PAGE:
Editor’s note: Sean Martin caught up with Ben Kohles after he won the Nationwide Children’s Hospital Invitational on July 29 to become the first player to win a Web.com Tour event in his pro debut. Kohles won a second consecutive event at the Cox Classic. He’s now second on the Web.com Tour money list with $261,000 in earnings.
Ben Kohles was supposed to be on family vacation this week in North Carolina’s Outer Banks. He’s in Omaha, Neb., instead. The scenery may not be as nice, but he couldn’t ask for a better situation.
Kohles, 22, won last week’s Nationwide Children’s Hospital Invitational, becoming the first person to win a Web.com Tour event in his pro debut. He has earned $144,000 in one week on the job, and, at No. 13 on the tour’s money list, is in good position to be among the 25 Web.com Tour players to earn PGA Tour playing privileges for next season. Kohles, fully exempt on the Web.com Tour by virtue of his victory, is competing in this week’s Cox Classic.
Kohles’ victory was impressive for its quickness. He has accomplished a lot in a brief career, though. He didn’t start playing golf regularly until he was about 13 years old, and didn’t start competing in tournaments until he was 15. Ben’s father, Kevin, remembers taking his son to Pinehurst for his 14th birthday. Father beat son by a stroke from the white tees on the famed No. 2 course, 98 to 99. “We were both happy we broke 100,” Kevin Kohles said. Three years later, Ben Kohles shot 69 at No. 2 in the final round of the North & South Junior.
That’s a 30-stroke improvement in three years.
Kohles didn’t even try out for his high school’s golf team in his freshman year because he didn’t think he was good enough. Kohles might have been a late bloomer, but his college coach, Virginia’s Bowen Sargent, said it didn’t take him long to recognize that he had a promising player on his hand.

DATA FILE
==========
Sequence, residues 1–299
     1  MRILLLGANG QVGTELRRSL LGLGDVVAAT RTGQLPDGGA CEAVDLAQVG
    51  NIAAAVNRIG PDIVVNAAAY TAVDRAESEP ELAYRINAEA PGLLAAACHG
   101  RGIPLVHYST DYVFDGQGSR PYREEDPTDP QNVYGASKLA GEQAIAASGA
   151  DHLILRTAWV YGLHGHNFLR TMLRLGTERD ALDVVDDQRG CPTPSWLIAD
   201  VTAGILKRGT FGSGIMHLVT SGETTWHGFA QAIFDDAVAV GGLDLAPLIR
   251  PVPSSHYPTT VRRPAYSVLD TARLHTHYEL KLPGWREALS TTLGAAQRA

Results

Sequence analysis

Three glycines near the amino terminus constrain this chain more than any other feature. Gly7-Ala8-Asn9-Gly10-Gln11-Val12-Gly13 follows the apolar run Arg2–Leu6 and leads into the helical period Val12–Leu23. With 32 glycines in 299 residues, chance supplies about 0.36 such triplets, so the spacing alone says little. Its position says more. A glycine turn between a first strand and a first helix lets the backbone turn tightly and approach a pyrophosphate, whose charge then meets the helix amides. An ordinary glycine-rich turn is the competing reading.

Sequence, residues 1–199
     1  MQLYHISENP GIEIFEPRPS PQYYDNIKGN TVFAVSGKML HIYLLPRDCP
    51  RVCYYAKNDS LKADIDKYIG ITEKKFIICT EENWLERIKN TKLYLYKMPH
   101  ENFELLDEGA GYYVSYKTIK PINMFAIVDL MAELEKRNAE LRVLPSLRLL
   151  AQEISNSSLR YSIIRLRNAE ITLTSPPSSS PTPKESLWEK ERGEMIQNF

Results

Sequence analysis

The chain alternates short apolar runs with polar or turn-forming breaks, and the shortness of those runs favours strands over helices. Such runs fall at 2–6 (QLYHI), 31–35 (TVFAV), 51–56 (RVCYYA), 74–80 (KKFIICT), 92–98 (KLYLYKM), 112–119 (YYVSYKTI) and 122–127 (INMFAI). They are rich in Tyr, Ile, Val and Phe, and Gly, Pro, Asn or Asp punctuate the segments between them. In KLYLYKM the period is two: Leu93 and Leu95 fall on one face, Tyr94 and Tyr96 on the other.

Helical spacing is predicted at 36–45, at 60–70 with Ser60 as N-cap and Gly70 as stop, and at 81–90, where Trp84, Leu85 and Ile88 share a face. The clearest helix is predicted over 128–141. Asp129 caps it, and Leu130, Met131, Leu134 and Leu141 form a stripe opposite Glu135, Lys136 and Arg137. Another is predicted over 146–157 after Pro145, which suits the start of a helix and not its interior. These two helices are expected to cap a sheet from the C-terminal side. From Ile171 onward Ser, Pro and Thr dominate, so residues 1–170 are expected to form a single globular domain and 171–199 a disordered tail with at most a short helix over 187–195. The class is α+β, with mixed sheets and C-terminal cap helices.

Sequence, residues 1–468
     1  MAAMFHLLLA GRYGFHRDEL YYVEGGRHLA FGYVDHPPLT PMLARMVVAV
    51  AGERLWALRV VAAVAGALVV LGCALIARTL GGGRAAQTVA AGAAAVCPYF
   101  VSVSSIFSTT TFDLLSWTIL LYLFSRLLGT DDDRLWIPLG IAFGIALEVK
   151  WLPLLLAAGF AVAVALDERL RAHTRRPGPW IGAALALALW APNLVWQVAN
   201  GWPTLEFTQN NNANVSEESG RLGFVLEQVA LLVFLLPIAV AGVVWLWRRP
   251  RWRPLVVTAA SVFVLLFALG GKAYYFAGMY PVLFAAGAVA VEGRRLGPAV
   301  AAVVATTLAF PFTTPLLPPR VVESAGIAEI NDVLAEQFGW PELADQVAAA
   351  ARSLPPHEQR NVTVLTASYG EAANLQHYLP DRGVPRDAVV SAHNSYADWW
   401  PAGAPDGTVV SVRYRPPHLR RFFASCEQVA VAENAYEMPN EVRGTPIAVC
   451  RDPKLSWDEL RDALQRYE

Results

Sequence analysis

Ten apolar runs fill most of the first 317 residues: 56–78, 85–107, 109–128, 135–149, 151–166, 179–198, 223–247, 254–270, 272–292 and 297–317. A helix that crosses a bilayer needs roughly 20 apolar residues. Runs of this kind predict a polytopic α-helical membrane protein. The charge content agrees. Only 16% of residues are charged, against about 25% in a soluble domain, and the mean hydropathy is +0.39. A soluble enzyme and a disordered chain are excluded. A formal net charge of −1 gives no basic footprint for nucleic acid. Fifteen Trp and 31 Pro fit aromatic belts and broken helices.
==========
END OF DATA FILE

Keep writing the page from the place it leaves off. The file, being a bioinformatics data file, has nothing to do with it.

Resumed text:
“After his first tournament, I’ll never forget it. I knew he was good, but I didn’t know he was that good,” Sargent said. “I went up to his parents and told them both, you guys have a really special kid here. This kid’s going to make it. He has an intangible. The tougher the situation gets and the more that it means, the more he likes it. There’s very few kids who enjoy that environment, and he always has.”
Kohles won seven times at Virginia, a school record. He also matched the Cavaliers’ mark for career top-10s (23). He was a three-time All-American and two-time ACC player of the year.
The Kohles family lived near Dallas until Ben was 10, when they moved near Prestonwood Country Club in Cary, N.C. Ben Kohles could ride his bike to the club, which featured several talented junior players, including current Georgia player Michael Cromie and former North Carolina All-American Kevin O’Connell. Kohles didn’t devote himself to the game for a few years, but his development – fueled by nature and nurture – was rapid once he did. His competitive spirit and talented Prestwood peers drove him to succeed. His high school, Green Hope, won two state titles in his three seasons.
Kohles’ high school coach, David Allen, remembers telling his players at one practice that they should try once per week to make 100 consecutive 4-footers. It was dark when practice ended that February evening, but Kohles, then a sophomore, ran to an adjacent green that was lit by an oversized clock to immediately attempt the feat.
“Ben’s progress has been a straight line,” Allen said. “Normally you’ll take four steps up and one step back, but I don’t know that he’s had a setback.”
Kohles, who won the prestigious Dogwood Invitational in June, originally planned to turn professional after this year’s U.S. Amateur. He received an invitation to the Nationwide Children’s Hospital Invitational on July 16 – less than two weeks before the event – when Peter Uihlein opted to play in a Challenge Tour event instead.
Kevin Kohles asked his son if he was certain that he wanted to turn pro last week, thus passing on one more opportunity to win the Havemeyer Trophy. “He just said, ‘I’m ready to go,’ ” Kevin Kohles said.
He proved last week that he was. And the rest was history.